08 Apr Beware of Pores: What You Need To Know
Your skin is covered with pores – tiny holes that are the openings of hair follicles. They allow your skin to perspire and your body to cool off, and also serve as a gateway for sebum, an oily substance that protects your skin. Sebum is usually in the form of a thin layer, which helps to regulate your body temperature and traps bacteria from entering your skin. Sebum is produced by your sebaceous glands, which are located on every part of your body, except for the palms of your hands and the soles of your feet.
The size of pores varies greatly from one person to another. To be frank, almost everyone prefers small pores, as your skin looks much more firmer, tighter and youthful. Children have small pores, which gives them a peachy-type skin that we all envy! However, the size of your pores is determined by your heredity. Some people tend to have larger pores, which may be the cause of several problems. First off, those with large pores are prone to oily skin, and as they age and expose themselves to the sun, the loss of collagen in the skin expands their pores even more. Their pores also tend to get more clogged with dead cells and other debris, making them seem even larger. Hormones also play an important role as they activate the production of sebum, which helps to explain why teenagers have oily skin. Women, at the time of ovulation and pregnancy, may have oilier skin.
When Oil is Blocked in Pores
When excess oil is produced by the sebum, your pores get clogged and your dead skin cells can cause a proliferation of bacteria leading to a break out of a mini-infection, known as acne. When oil is unable to get out, this acne grows and expands. This dreaded ‘red button’ is filled with liquid made of a mixture of sebum, dead skin cells, and bacteria.
Clean vs. Dirty Sweat
Your body produces sweat from two differing glands – your eccrine and apocrine glands. Eccrine glands are the most numerous and are found on every part of our bodies. Sweat produced from these glands generally leaves our pores in a very fluid state and is generally not very sticky. This sweat is composed of 99% water and a little salt (sodium chloride, potassium, magnesium). Your eccrine glands are particularly concentrated in the palms of our hands and the soles of your feet. This type of sweat does not smell bad and can be categorized as your ‘clean’ sweat.
However, there is another kind of sweat, one that is sticky and full of fat, protein and pheromones. Pheromones are chemical messengers and in animals are used to send certain signals which include sexual ones. In humans, the action of pheromones is more mysterious, but certainly just as real. This sticky sweat is produced by apocrine glands, which are located in our armpits, groin, around our nipples and bums. These glands are generally develop during puberty and are the cause of bad odours!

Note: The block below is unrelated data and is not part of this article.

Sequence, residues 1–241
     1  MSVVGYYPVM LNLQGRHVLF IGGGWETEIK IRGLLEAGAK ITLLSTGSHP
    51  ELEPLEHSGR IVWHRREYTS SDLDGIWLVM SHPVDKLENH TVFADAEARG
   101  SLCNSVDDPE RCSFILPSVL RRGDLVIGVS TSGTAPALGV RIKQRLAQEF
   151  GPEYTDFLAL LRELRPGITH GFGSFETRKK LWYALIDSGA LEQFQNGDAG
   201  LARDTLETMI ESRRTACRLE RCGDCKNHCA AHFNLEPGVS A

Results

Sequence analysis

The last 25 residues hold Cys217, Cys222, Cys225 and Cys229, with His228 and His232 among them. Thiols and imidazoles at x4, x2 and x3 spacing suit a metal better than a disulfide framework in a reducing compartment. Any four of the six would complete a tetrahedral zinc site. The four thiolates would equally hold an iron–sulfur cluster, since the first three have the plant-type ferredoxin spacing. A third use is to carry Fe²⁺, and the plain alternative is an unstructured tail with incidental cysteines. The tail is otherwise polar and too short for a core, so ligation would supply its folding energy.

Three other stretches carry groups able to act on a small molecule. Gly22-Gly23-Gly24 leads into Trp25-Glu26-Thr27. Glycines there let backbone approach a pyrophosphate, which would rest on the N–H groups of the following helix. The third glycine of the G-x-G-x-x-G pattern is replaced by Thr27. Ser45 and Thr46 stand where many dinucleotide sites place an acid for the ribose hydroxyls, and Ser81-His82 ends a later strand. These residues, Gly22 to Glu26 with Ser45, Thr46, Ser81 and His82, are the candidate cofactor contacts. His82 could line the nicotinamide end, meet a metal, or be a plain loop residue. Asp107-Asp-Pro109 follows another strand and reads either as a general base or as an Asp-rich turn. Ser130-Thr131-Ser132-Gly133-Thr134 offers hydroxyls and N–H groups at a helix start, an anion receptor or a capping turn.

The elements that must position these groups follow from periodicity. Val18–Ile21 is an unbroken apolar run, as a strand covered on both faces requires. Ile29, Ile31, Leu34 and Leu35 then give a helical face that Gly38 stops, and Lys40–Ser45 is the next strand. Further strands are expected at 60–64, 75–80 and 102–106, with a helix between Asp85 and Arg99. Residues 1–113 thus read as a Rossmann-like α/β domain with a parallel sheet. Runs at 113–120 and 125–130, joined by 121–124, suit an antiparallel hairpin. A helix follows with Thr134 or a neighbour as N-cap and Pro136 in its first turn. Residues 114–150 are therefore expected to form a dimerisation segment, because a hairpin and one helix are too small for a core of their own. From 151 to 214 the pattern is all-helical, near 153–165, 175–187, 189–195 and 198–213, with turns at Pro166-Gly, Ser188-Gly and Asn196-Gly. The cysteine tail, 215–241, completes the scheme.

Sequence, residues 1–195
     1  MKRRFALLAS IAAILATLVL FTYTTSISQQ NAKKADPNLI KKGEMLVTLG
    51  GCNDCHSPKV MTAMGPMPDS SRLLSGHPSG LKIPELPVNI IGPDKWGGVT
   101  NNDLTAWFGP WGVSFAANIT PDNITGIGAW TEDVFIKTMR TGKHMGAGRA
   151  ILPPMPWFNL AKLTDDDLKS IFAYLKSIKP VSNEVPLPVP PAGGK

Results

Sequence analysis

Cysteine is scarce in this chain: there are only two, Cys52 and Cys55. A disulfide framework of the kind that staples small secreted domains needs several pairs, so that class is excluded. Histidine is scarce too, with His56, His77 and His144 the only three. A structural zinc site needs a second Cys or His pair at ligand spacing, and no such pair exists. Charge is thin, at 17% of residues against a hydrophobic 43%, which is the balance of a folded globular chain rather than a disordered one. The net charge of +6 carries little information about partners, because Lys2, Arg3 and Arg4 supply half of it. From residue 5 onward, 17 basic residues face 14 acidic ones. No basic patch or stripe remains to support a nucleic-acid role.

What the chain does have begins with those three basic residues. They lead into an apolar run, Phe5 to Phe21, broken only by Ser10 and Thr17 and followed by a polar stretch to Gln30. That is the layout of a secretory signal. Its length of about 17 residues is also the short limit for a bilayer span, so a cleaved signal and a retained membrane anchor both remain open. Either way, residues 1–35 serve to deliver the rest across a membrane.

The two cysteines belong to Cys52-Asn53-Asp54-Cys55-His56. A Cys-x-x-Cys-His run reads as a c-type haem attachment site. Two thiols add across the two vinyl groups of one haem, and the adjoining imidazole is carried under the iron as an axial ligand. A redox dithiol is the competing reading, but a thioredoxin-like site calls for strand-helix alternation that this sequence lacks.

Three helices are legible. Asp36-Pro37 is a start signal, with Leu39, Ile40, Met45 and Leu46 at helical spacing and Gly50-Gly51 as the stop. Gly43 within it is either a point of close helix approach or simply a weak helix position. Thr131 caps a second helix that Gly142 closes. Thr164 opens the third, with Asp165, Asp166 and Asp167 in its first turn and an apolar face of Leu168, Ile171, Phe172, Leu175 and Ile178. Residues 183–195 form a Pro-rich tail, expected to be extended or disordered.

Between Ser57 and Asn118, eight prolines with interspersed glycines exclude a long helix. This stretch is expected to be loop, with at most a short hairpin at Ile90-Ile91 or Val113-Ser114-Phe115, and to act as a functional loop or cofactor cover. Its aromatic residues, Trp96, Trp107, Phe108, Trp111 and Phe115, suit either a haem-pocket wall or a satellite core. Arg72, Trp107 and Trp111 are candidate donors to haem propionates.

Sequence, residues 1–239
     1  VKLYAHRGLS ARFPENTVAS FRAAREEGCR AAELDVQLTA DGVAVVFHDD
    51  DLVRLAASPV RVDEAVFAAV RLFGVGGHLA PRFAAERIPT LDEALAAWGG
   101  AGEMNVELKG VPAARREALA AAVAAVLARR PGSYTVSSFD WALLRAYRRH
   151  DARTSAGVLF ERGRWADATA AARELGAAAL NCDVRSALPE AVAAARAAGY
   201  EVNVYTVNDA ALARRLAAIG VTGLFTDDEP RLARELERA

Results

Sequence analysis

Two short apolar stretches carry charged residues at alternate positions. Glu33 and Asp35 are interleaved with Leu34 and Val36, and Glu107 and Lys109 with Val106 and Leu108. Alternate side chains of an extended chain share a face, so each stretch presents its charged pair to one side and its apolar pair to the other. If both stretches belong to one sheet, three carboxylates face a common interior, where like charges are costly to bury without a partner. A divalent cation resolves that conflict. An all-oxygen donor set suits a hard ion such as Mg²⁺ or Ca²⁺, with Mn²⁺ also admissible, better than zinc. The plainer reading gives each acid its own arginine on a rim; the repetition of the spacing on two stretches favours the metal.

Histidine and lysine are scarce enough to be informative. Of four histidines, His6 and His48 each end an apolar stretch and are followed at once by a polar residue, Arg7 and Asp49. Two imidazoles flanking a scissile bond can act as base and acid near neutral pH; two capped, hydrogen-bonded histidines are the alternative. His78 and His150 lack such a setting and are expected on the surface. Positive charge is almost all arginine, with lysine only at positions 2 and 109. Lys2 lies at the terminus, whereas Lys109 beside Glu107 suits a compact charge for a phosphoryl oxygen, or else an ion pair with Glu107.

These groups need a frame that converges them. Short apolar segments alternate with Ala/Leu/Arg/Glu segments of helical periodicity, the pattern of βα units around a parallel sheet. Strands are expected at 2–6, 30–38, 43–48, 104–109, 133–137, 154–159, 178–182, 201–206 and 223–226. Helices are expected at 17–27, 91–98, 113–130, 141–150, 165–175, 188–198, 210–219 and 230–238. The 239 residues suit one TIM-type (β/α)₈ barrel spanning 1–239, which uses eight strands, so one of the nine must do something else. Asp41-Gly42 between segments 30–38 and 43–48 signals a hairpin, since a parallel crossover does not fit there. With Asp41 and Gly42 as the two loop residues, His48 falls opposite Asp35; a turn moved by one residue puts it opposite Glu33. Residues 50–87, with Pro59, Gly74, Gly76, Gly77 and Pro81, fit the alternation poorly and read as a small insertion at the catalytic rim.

Tightening Dilated Pores
To clean your pores and get rid of excess oil and dead cells, the first step is to sweat regularly – doing strenuous physical activity and spending some time at a sauna. However, we must also break the habit of too hot and long showers, which dilate your pores and cause redness. Cold showers and baths are a great way in order to get rid of capillaries (small blood vessels in your skin) and to tighten your skin. Applying ice on your face can even help shrink the size of your pores and should be done through wrapping it up in a cotton towel and gently applying it for about 30 seconds to 1 minute – in order to avoid irritating your skin.
Organic Lotions & Masks
You can also apply floral witch hazel (or ‘witch hazel’) on your skin using a cotton bud. Witch hazel is a plant that comes from the Amazon and has astringent properties; that is to say, it produces a tension of mucous membranes, which on your skin leads to a tightening of pores. Hazelnut oil and lotions with aloe vera are also useful.
For those of you who are keen to produce your own facial masks, why not try replacing the well-known cucumber mask with a simple cucumber juice-mask. Simply mix cucumber juice with a little salt and then apply the mixture onto your face, leaving it to sit for a few minutes. Better still, mash a half-peeled cucumber and add a few drops of lemon juice and a teaspoon of rose water. Apply the mixture on your face and leave it to rest for 15 to 20 minutes, before rinsing it off with cold water. You can also apply tomato juice on your face, leaving it to stand for 20 minutes before rinsing it off with warm water. Performing this treatment 3 times a week will leave you with healthy skin without enlarged pores. It is also beneficial in regulating your sebum production.